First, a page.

If you were a regular denizen of the video store in the '90s, it was impossible to avoid the Puppet Master movies. They were films that felt just accessible enough to younger viewers without being dismissive with its horror elements. Plus, the colorful cast of murderous puppets guaranteed a visual flair to each entry. However, the actual movies rarely delivered on the crazy promise of their premise.
It's clear that Puppet Master: The Littlest Reich wants to be the transgressive and gonzo experience that every kid dreamed of when they looked at those well-worn VHS covers. And in that regard, Puppet Master: The Littlest Reich is a resounding success.
Seriously, this is a film that understands what audiences want out of an experience like this -- insanely bloody and over-the-top kills with a sense of humor -- and cranks up the volume to eleven. There's at least one gore gag in the film that is destined to become a classic murder moment. When it comes to providing the goopy goods, it's impossible to deny that Puppet Master: The Littlest Reich wins.
But, what's refreshing is that the movie isn't only that. The script by S. Craig Zahler (Bone Tomahawk, Brawl in Cell Block 99) is yet another showcase of his ability to approach scummy material while treating it with a level of emotional maturity. Still, Zahler never sacrifices the inherently juvenile joy that the subject matter needs. It's like watching Zahler do a gracefully impeccable figure skating routine on a lake of frozen sewage.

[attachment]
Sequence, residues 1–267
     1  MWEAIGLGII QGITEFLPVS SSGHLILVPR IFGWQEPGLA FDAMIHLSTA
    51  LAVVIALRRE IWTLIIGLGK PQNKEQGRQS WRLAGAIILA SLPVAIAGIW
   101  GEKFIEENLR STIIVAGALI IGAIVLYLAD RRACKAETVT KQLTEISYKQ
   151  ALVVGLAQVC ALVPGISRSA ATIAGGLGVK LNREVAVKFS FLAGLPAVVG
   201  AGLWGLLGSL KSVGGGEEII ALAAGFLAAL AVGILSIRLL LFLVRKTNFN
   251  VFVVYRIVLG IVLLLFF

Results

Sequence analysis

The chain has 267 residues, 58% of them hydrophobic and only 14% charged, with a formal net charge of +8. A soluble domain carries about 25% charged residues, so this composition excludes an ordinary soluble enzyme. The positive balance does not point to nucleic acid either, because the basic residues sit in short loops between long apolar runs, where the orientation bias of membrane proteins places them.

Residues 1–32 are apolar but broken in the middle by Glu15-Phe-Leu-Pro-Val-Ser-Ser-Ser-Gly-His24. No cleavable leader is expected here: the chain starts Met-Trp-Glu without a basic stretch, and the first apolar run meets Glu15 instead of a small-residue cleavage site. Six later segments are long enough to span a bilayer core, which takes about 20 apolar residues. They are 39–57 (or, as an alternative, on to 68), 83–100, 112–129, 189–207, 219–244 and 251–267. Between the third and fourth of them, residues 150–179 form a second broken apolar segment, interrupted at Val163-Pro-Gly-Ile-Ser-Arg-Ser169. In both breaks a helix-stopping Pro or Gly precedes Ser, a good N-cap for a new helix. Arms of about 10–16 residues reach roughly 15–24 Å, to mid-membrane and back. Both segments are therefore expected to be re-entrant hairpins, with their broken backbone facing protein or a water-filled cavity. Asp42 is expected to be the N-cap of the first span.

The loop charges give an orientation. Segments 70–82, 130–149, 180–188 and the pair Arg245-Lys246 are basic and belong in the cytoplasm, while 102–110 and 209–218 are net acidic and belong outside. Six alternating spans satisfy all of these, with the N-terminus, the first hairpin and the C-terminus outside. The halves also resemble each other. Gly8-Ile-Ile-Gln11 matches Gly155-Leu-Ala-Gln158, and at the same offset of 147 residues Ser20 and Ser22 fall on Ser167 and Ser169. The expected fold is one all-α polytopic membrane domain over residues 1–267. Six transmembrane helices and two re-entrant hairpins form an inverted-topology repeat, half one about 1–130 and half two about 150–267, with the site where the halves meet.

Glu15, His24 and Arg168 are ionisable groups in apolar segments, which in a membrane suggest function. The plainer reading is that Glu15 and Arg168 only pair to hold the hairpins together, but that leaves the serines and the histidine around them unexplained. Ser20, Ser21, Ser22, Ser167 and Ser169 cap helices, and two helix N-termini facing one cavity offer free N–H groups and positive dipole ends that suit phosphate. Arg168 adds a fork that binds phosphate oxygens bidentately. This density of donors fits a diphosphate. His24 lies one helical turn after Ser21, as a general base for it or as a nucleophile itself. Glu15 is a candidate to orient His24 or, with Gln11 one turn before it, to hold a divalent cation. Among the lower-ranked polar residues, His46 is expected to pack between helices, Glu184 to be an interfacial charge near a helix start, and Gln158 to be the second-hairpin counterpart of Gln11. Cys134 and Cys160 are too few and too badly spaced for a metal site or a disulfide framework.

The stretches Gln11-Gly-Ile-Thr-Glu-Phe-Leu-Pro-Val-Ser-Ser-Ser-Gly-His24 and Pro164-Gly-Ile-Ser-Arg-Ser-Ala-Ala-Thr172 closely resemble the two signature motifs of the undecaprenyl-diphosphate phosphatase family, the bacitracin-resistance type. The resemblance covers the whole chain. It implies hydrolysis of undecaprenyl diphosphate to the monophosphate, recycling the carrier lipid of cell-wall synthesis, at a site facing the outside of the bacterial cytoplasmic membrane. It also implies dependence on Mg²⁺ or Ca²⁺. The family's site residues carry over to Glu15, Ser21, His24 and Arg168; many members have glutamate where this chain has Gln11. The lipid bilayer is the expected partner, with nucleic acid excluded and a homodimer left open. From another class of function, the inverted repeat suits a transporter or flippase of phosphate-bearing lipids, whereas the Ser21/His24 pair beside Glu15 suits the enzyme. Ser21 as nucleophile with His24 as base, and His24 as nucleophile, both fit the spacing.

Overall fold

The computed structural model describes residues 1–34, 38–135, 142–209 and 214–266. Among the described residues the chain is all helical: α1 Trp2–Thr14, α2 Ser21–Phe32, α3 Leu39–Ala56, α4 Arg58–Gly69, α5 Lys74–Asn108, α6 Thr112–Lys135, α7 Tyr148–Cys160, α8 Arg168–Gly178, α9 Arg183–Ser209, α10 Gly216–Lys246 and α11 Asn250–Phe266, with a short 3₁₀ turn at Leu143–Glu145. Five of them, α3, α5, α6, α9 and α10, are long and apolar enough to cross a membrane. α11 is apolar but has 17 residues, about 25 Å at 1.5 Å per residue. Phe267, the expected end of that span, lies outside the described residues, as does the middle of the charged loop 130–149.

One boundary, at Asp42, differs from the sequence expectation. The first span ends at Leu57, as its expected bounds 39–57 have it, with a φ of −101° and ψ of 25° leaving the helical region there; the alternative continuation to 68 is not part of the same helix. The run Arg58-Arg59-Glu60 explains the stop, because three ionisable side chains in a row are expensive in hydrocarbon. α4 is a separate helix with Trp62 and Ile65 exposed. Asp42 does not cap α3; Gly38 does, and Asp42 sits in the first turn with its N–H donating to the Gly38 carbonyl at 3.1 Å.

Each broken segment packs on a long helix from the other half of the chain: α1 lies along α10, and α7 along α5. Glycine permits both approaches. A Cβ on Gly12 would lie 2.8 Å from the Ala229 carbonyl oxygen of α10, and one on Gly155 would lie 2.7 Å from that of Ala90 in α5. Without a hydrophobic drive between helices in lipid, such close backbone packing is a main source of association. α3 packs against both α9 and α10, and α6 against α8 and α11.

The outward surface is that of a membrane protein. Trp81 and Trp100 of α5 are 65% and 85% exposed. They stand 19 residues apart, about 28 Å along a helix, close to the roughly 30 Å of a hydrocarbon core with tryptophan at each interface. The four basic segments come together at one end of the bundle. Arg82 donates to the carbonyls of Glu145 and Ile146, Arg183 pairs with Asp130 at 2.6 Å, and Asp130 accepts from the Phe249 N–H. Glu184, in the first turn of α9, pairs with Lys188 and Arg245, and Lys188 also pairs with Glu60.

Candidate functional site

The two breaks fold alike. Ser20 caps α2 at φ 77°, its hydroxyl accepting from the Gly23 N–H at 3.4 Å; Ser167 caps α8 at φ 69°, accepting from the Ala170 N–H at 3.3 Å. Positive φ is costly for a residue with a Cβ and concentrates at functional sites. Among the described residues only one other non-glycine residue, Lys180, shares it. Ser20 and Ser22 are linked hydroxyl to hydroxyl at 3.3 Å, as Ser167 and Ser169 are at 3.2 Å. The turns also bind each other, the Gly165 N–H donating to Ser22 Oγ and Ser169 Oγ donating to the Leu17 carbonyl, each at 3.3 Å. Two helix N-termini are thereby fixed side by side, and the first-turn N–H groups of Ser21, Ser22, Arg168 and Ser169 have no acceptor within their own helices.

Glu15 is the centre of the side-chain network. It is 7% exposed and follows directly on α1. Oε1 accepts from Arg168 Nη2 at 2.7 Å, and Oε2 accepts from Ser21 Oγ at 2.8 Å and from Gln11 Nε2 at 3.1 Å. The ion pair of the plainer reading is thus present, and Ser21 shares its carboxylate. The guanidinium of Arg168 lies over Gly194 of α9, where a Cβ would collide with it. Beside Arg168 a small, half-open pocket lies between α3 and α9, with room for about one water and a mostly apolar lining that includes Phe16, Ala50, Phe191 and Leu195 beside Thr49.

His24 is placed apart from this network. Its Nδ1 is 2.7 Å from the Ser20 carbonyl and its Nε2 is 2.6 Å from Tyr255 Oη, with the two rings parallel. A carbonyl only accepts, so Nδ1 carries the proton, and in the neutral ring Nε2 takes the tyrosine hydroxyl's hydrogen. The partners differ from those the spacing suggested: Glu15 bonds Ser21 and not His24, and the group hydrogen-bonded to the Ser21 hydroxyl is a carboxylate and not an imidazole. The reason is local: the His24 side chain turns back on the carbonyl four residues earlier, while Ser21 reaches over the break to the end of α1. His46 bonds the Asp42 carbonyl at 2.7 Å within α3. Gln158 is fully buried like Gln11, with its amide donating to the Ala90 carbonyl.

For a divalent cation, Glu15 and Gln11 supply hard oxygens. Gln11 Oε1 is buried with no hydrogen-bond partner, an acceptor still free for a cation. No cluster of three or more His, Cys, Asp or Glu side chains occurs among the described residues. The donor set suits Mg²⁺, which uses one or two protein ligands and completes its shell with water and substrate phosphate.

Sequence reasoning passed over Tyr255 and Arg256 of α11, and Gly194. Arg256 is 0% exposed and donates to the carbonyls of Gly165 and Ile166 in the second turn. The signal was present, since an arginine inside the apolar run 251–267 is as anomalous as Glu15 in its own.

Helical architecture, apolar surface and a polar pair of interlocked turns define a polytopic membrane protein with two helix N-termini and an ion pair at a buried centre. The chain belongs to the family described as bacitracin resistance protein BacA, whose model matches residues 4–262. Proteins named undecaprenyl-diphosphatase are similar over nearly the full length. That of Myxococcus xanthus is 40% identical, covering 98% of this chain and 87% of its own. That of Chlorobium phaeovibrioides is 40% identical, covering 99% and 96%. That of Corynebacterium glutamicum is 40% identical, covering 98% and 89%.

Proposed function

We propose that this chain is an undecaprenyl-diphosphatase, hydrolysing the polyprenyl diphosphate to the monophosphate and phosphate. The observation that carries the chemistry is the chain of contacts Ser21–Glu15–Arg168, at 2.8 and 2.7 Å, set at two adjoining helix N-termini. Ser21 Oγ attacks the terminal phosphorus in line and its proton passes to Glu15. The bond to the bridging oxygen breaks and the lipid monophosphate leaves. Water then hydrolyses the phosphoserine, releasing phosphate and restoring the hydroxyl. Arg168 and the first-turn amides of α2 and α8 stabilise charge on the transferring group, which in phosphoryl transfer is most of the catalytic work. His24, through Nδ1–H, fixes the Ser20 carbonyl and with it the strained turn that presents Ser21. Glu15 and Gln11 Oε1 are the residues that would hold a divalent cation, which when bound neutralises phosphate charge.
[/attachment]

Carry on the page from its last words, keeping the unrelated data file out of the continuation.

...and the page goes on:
He achieves this by crafting fully realized characters that get plenty of time to endear themselves to the audience. Though the movie does dive into knowingly offensive territory — the puppets kill people for clearly prejudicial reasons — Zahler makes sure to make all the victims more than just stereotypes. That goes a long way in keeping us invested in the movie beyond the simple pleasures of goofy murders.
There are plenty of other great touches in the film. The opening credits sequence delivers a wonderful origin story for this new take on the tale. Puppet maker Andre Toulon (Udo Kier) is a Nazi criminal on the run and he's brought his hateful beliefs to America. It'd be welcome if we got more of Toulon in the film, but his intro is good and gets things rolling. And the entire cast is filled with commendable performers. There isn't a bad apple in the bunch.
My one big complaint is in regards to the puppets themselves. Don't get me wrong, the effects and their designs are delightful. Rather, they don't feel like they are written to have any personality. They only act as vehicles for the kills. Granted, they don't need to be fully fledged characters but they seem to lack any sense of character. We don't really see the puppets interacting with each other or giving off any sense of individuality. Now, that's appropriate for the film as written — the puppets are just being manipulated by Toulon, so it makes sense that they don't act with their own impulses — but it denies the film another layer of fun. And the sub-genre of little creatures run amok movies can always use another layer of fun.
It should be noted that this is a very low budget affair and the direction by Sonny Laguna and Tommy Wiklund reinforces that. Honestly, it's not so distracting and it actually feels like it hearkens back to the direct-to-video fare of its ancestors. But, if this film was dripping with more style and polish, it might be more outwardly approachable to certain viewers. As it stands, its technical shortcomings are only going to limit its appeal.
Still, you're probably already aware if you're in the kind of niche that Puppet Master: The Littlest Reich inhabits. It's nasty fun but knows how to balance that with good characters and solid structure. You'll know if it's up your alley by the title alone. And if you have any nostalgia for the home video horror market of yesteryear, it's necessary to give this one a look.